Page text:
2. Lenders, for pushing risky loans– Hmmm, we might be on to something here. In the addiction recovery business, these people are called “enablers”. As a finance major in college, the key fundamental element of finance I learned is the correlation between risk and reward. The more risk one takes, the greater the anticipated reward for taking said risk. That works well when someone is risking their own capital. In this case, though, the concept of OPM comes into play once again. You see, in order for Wall Street to create bundles of smaller, less attractive individual loans for the consumption by larger, institutional sized investors, those smaller loans must first be made. As the demand for the bundled securities rose, so did the demand by the middle-men for those loans. Well, at some point, as the networks of the mid-tier players in the securities “food chain” became unable to support the demand, they simply began dishing out cash to borrowers of lesser and lesser quality through a further expanded network of mortgage brokers and specialty lenders. You might even be suprised to learn that your local bank actually holds very few of the mortgages it provides to it’s own customers, instead offering to accept a commission from these “upstream” institutions while at the same time, dodging any potential risk of default by the borrowers.

    Did you catch that? Now you have institutions making mortgage (investment) decisions based solely on what information was being collected by third and fourth party gatherers (read: those farther from the ramifications of poor risk analysis) versus their own people. While it’s not really an issue for those borrowers with great credit history, raise your hand if you think this is a good idea when dealing with borrowers with a declining ability to repay borrowed funds. (If you just raised your hand, you must now check yourself into a twelve-step program for those addicted to poor choices.)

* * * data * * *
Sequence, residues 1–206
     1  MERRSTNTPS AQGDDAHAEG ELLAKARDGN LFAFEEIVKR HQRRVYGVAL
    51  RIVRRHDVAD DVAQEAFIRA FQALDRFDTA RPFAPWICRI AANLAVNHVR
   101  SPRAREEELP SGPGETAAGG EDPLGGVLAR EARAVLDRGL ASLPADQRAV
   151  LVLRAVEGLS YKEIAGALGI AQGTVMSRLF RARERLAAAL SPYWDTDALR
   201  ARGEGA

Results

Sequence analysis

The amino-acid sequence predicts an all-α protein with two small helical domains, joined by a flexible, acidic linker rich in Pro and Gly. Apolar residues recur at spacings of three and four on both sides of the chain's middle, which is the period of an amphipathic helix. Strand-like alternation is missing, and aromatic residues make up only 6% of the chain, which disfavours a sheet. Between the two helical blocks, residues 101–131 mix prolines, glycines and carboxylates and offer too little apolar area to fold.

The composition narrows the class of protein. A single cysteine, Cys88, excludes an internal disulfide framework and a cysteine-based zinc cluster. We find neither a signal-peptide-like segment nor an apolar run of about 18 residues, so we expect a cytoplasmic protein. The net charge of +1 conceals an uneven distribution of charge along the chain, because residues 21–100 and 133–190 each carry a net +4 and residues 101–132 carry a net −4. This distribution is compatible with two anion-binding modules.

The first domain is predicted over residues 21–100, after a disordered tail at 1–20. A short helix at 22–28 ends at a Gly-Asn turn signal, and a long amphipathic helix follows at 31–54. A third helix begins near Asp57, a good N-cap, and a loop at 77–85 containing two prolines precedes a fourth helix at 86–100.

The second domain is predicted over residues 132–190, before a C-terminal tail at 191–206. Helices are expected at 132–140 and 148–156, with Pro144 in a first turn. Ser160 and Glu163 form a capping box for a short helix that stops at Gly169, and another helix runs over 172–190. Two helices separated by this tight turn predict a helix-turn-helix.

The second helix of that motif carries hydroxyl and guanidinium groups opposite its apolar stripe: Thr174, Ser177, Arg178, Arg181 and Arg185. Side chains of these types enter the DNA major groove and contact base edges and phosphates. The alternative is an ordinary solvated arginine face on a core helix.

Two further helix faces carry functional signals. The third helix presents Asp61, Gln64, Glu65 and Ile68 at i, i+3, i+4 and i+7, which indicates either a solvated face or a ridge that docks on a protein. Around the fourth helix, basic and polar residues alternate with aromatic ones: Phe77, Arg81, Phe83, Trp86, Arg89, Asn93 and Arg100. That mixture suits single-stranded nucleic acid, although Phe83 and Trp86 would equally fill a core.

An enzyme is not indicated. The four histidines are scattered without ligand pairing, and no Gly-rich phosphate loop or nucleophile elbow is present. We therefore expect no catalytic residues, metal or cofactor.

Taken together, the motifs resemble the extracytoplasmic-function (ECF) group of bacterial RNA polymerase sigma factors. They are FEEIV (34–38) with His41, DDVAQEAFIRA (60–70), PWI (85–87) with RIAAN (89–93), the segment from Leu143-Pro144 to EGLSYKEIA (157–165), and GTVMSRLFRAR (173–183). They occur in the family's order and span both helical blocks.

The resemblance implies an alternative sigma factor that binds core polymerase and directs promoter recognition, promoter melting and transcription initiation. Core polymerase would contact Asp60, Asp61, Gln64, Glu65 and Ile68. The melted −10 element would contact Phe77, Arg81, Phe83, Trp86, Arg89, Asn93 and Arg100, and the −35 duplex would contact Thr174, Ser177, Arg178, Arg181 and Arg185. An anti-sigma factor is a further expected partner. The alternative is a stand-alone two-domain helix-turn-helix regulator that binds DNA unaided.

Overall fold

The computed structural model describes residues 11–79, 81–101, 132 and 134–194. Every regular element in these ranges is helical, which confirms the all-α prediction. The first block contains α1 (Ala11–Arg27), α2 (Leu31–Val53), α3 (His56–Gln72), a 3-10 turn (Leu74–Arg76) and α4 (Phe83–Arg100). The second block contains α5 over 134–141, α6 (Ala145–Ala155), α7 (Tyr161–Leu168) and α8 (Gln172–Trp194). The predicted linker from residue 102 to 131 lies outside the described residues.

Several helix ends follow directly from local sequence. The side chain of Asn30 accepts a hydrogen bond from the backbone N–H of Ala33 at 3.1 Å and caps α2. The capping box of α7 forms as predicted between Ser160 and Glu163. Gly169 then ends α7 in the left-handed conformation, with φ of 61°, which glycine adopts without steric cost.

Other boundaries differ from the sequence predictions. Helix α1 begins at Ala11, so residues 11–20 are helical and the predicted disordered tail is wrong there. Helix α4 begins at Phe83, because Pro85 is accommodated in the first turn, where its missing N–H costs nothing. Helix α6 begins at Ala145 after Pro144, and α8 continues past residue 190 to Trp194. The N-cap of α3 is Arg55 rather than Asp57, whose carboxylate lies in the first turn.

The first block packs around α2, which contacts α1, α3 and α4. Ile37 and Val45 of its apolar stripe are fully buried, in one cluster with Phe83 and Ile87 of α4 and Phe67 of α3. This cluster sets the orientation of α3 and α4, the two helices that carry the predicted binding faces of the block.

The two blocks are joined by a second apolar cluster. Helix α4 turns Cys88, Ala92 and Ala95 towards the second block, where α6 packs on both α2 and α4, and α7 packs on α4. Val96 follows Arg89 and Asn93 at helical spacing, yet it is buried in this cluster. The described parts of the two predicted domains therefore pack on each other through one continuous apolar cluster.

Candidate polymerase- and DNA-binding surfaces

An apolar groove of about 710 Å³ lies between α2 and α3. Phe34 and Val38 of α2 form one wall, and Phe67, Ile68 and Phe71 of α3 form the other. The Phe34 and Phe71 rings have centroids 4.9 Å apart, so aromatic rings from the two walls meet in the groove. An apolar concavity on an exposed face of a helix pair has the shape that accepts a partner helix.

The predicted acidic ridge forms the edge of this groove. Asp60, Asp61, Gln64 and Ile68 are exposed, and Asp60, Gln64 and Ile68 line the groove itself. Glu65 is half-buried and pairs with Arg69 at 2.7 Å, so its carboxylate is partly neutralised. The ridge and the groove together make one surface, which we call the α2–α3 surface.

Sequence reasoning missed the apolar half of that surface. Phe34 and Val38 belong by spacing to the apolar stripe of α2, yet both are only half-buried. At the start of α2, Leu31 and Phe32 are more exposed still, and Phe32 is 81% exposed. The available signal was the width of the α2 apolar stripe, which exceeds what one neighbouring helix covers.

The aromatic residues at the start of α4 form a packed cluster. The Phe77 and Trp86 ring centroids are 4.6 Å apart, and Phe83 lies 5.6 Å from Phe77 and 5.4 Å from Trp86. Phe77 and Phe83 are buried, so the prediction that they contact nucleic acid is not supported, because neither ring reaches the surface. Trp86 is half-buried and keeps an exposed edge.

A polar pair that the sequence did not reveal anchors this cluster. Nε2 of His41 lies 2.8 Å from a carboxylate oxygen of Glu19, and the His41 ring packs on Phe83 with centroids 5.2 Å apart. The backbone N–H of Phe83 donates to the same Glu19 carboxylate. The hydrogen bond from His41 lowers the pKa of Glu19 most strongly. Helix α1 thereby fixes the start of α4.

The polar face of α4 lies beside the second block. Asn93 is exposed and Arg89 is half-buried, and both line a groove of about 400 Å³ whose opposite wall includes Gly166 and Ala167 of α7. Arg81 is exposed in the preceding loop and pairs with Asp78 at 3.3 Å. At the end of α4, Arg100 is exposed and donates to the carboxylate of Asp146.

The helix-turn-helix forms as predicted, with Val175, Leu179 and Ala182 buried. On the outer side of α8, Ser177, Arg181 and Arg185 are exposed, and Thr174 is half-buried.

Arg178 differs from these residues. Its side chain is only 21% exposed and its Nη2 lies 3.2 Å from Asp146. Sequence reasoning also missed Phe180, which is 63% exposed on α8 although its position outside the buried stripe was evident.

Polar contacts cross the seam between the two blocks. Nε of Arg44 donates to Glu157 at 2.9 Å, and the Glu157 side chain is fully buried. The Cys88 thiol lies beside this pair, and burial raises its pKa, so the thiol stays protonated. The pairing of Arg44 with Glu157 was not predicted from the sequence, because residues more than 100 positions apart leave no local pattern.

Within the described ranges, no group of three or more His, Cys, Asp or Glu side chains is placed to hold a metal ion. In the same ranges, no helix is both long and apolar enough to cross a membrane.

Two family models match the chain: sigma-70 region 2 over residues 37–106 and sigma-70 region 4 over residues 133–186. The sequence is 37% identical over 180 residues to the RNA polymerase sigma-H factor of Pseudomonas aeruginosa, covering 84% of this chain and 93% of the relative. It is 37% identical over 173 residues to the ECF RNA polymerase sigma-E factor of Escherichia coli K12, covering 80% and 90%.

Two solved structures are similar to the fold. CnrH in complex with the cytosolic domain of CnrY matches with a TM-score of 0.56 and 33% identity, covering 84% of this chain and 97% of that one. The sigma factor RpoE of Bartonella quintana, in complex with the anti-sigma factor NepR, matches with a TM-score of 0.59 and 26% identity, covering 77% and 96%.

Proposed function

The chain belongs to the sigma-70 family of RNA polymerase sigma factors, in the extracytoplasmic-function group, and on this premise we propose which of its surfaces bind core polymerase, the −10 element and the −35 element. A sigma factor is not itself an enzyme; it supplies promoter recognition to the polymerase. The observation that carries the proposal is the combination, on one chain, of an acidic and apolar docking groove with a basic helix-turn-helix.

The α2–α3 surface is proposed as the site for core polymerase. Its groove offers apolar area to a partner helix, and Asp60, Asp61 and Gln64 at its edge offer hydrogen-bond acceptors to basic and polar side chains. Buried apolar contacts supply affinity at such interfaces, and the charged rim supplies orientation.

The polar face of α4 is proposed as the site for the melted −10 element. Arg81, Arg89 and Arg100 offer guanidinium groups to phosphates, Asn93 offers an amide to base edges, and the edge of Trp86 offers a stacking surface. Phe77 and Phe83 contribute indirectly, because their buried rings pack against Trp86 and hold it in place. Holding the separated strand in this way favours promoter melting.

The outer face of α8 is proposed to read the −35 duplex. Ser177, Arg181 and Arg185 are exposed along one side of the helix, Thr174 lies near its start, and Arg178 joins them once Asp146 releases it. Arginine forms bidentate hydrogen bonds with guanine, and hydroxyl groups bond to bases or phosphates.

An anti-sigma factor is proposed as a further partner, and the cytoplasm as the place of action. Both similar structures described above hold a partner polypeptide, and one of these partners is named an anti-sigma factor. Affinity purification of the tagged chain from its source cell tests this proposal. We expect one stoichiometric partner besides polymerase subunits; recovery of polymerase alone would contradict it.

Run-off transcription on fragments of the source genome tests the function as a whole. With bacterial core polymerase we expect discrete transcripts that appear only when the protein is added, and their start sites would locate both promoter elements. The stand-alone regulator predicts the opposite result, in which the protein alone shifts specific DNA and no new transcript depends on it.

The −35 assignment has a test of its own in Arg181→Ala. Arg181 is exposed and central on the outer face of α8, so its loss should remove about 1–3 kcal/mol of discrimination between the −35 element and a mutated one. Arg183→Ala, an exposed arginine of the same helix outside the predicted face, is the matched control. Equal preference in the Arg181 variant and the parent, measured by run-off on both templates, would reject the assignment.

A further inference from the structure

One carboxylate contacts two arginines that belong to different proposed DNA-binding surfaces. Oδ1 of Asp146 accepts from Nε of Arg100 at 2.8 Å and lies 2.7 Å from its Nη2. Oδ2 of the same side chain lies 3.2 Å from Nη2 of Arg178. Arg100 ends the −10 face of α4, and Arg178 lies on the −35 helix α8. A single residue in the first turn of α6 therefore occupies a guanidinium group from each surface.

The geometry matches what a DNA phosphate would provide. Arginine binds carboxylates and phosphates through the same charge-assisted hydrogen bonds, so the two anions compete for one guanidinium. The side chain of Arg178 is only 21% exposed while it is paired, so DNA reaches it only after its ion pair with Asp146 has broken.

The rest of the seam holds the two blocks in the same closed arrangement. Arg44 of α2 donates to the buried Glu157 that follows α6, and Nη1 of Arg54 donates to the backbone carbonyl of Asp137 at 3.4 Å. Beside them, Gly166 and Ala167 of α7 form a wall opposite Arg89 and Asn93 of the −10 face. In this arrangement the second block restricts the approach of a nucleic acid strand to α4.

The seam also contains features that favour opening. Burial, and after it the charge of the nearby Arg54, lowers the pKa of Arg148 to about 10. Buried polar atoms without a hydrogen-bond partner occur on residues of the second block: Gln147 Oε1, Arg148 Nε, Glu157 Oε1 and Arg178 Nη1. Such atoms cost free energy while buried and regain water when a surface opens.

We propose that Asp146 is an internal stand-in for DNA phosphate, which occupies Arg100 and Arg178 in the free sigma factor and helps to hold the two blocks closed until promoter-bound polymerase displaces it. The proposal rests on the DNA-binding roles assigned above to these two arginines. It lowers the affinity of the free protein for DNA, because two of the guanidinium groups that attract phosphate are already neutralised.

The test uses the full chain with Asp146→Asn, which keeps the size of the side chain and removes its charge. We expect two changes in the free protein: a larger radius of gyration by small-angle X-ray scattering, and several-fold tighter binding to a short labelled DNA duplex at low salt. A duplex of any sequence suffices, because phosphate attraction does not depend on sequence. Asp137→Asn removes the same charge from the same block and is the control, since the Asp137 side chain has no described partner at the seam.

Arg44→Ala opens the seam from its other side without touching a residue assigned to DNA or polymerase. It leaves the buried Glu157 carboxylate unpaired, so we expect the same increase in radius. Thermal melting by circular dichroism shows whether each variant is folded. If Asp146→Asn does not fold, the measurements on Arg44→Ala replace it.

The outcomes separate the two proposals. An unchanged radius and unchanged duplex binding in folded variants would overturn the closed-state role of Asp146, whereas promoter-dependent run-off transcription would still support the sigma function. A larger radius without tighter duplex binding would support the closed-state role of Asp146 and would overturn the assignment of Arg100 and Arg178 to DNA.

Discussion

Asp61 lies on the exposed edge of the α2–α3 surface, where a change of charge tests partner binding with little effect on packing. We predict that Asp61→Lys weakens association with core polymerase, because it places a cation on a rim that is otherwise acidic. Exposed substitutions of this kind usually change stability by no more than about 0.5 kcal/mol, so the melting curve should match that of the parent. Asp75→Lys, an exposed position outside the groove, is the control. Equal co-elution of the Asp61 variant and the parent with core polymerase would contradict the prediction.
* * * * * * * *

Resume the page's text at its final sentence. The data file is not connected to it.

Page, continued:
3. Homebuyers for borrowing beyond their means- The last time I checked, the way most people buy a home is to a) gather up personal financial information b) take it to a lender c) see how much they will lend you 4) go buy a house. I can remember the first mortgage application my ex-wife and I ever filled out. When the lender came back to us with the amount they were willing to lend us, I had to be picked up off of the floor. Without much hesitation, the mortgage company was willing to lend us about twice (measured by payment amount) what we were comfortable with. Had we not both been keenly aware of our own responsibilities associated with taking on a mortgage, we could have easily been suckered into a commitment far beyond our means. For the millions of Americans struggling to get by, I think a system fueled by greed put too much faith in Joe Paycheck turning down too large of a loan in an effort to continue fooling his family that everything was better than ever.
  4. Federal regulators lax oversight– Unfortunately, it’s because of a series of unfortunate, repeated, ill-thought-through decisions, the political repercussions of this mortgage meltdown will likely result in a “cure” that will swing the pendulum far in the opposite direction, likely slowing down the number of people taking steps to own a piece of the “American Dream” of home ownership for a while.
  5. Other -Okay, to the people who didn’t choose any of the above options…seriously, what the heck could be “other”?

In the style of the late Bernie Mac, I say, “America, why can’t we all just make responsible decisions and do the right thing. You know people are always going to push to see how much they can get away with!”